This study had several limitations. All patients with hormone receptor—negative breast cancer, and thus poorer prognosis, were excluded from this trial. The excluded women were generally younger than those included in the trial. Women accrued to MA.17 were also at lower risk of recurrence than women with newly diagnosed breast cancer because they had to be disease free after 5 years of treatment with tamoxifen; 95% of patients had survived a median of 3.9 years on trial. Determination of cause of death was predominantly with clinical reports because no autopsy was mandated; however, there was an indication of competing risks from the overlapping occurrence of breast cancer, other malignancies, and other causes of death for women of all ages. Only 2% of women who were deemed by medical review to have died with other malignancies and 9% of those who died from other causes were reported to have had distant metastases or contralateral breast cancer. The potential for confounding with multiple concurrent causes of death was low, and the number of patients was too small to consider deaths from multiple causes separately. The assignment of deaths to other malignancies or to other causes when there has been breast cancer progression is conservative to the question addressed in this work of whether the baseline MA.17 trial factors differentially influenced whether a woman would die of breast cancer, other malignancies, or other causes. The focus of this report was the pragmatic assessment of factors associated with the three types of death. An indication of similar associations would have supported the standard approach of including all types of death and determining the factors affecting overall survival. We cannot extend our results to breast cancer patients of all ages, patients with receptor-negative disease, or even similar patients with other lengths of follow-up.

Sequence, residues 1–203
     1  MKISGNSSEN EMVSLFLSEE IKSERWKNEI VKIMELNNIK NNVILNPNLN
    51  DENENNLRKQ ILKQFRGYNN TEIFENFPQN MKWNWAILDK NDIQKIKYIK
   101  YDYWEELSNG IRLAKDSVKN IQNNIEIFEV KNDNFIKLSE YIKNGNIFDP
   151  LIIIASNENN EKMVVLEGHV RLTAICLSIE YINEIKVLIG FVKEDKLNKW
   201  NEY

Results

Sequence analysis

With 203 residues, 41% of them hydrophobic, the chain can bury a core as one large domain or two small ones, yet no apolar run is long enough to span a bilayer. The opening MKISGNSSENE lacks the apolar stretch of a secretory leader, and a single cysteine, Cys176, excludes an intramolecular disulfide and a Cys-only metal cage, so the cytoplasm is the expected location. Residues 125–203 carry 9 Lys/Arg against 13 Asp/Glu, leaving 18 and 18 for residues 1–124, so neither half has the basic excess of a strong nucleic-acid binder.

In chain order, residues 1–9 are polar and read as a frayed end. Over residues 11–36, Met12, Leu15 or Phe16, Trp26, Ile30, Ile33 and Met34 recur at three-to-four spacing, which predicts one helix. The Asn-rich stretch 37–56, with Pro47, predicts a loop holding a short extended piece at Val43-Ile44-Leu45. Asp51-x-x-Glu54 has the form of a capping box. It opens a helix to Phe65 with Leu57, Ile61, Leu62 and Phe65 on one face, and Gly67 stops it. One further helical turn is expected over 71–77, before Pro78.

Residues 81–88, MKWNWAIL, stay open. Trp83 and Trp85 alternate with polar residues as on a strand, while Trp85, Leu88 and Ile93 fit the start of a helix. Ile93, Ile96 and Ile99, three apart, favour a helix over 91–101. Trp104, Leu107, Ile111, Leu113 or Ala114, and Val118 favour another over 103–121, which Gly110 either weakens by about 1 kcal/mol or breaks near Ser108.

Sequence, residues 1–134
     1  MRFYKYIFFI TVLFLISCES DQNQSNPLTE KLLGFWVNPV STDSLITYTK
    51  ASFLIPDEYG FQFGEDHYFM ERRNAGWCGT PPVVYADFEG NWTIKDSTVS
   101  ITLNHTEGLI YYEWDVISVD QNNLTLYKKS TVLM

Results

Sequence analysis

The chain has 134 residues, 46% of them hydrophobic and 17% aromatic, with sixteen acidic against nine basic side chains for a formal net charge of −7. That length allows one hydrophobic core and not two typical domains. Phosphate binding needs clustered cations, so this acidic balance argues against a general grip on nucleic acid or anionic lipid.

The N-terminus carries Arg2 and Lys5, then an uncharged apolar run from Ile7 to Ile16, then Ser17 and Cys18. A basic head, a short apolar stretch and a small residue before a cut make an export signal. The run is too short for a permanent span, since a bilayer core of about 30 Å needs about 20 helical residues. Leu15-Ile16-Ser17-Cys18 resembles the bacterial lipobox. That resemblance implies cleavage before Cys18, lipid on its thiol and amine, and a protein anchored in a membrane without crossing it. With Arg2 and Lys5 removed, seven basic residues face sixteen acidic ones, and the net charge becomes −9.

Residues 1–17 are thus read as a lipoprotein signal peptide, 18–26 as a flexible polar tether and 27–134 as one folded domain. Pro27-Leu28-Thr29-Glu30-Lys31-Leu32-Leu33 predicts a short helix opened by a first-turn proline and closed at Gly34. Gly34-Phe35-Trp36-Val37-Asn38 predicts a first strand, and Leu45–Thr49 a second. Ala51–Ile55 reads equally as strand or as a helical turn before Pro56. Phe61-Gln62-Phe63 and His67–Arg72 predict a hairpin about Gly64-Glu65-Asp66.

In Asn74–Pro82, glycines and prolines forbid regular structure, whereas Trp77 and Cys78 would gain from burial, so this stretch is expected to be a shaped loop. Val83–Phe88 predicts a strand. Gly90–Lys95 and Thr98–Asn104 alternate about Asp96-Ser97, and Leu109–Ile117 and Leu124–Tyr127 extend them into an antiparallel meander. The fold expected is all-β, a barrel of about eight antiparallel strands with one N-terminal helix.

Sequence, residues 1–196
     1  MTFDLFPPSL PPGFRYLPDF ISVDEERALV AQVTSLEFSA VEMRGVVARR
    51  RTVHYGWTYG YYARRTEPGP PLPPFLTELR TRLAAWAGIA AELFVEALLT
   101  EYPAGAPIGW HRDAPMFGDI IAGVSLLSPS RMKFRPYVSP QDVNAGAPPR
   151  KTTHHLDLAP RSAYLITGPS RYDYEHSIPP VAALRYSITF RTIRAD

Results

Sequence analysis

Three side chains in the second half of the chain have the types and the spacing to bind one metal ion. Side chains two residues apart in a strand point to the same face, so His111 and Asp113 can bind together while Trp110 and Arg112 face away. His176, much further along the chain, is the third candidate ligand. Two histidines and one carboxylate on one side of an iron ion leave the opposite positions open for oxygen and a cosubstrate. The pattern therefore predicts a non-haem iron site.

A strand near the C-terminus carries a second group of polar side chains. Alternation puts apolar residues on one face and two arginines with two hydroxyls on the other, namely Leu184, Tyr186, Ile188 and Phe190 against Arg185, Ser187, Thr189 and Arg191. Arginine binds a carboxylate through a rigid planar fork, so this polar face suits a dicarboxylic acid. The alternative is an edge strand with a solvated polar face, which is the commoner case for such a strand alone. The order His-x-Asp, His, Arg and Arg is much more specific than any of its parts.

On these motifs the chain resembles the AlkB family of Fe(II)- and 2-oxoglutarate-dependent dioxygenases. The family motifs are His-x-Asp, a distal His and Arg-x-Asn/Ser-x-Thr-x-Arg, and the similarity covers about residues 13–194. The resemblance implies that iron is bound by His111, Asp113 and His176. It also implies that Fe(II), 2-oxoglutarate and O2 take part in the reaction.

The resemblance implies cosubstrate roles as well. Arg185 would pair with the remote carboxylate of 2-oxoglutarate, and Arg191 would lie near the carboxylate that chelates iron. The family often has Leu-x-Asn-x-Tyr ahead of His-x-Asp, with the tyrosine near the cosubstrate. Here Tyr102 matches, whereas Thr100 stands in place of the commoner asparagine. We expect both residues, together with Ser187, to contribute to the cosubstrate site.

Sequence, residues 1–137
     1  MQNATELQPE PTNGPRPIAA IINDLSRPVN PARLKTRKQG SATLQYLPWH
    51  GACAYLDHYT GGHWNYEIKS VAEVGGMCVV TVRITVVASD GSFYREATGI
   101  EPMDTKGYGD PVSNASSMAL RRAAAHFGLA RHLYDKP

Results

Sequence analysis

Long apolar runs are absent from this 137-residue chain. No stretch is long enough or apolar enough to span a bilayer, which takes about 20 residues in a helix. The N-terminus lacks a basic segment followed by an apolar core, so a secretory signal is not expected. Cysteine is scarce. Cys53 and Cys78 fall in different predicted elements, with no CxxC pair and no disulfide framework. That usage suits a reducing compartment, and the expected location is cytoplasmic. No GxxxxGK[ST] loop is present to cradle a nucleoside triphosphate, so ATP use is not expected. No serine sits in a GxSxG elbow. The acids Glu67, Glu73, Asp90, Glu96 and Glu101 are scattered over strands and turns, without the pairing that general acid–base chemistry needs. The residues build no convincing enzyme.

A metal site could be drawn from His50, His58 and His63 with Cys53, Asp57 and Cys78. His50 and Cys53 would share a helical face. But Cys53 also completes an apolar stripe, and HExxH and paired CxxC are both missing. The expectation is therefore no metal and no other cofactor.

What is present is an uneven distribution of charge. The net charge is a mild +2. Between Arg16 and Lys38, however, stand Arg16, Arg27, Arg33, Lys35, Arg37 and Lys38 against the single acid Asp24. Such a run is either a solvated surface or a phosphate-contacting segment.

Another limitation is that the observation that letrozole treatment did not statistically significantly improve overall survival in the MA.17 trial (20) may have resulted from unblinding the MA.17 trial at a median follow-up of 2.4 years because of statistically significantly better disease-free survival among women treated with letrozole than among those treated with placebo. All patients were offered letrozole treatment, and most patients in the placebo arm accepted that offer. Of the 2587 women assigned to placebo, 2383 were alive at unblinding, and 1579 (66%) of the 2383 women were confirmed to have started letrozole treatment.
Another possible reason for letrozole not impacting overall survival might be the operation of competing risks of death, with factors differentially affecting different causes of death. Associations between each factor and the outcomes were examined in the presence of all other factors assessed, so that the indication that older age was associated with statistically significantly increased risk of death from all causes (P < .001) was obtained from an analysis that also included, for example, lymph node status, treatment modalities, and indicators of a woman’s baseline health status. We examined the effect of age continuously in years because both underlying risk of death and anticipated hormone responsiveness to letrozole were expected to increase with age. This study’s results reflected the full population of the MA.17 trial, with a median age of 62 years, who at baseline were disease free after 5 years of tamoxifen treatment. Cause-specific multivariable results support the competing risk assessments in that the older women had higher mortality from breast cancer (P = .003), from other malignancies (P < .001), and from other causes (P < .001) than younger women.
Lymph node involvement was also associated with statistically significantly increased mortality (P < .001), especially from breast cancer—specific death (P < .001), with a possible trend to shorter survival from other causes of death (P = .13). This result is consistent with a previous report (20) that letrozole treatment was statistically significantly associated with improved overall survival only among lymph node—positive patients. However, neither letrozole treatment by itself nor the combination of treatment and lymph node status was statistically significantly associated with mortality. Consequently, the association between lymph node status and other causes of death should be reexamined after longer follow-up.